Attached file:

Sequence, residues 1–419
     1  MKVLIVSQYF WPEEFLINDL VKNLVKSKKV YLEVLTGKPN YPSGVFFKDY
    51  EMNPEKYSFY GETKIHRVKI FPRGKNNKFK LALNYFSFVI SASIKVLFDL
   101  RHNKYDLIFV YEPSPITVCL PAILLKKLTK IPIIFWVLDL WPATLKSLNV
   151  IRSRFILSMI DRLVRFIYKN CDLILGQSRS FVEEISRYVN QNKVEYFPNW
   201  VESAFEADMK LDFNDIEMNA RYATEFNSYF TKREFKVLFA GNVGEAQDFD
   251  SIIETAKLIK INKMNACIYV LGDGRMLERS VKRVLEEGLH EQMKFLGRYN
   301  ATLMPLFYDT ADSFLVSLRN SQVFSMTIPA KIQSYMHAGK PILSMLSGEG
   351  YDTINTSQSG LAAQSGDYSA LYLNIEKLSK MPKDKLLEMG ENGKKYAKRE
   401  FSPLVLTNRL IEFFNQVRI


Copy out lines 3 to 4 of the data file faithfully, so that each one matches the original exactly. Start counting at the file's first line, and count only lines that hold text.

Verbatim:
    51  EMNPEKYSFY GETKIHRVKI FPRGKNNKFK LALNYFSFVI SASIKVLFDL
   101  RHNKYDLIFV YEPSPITVCL PAILLKKLTK IPIIFWVLDL WPATLKSLNV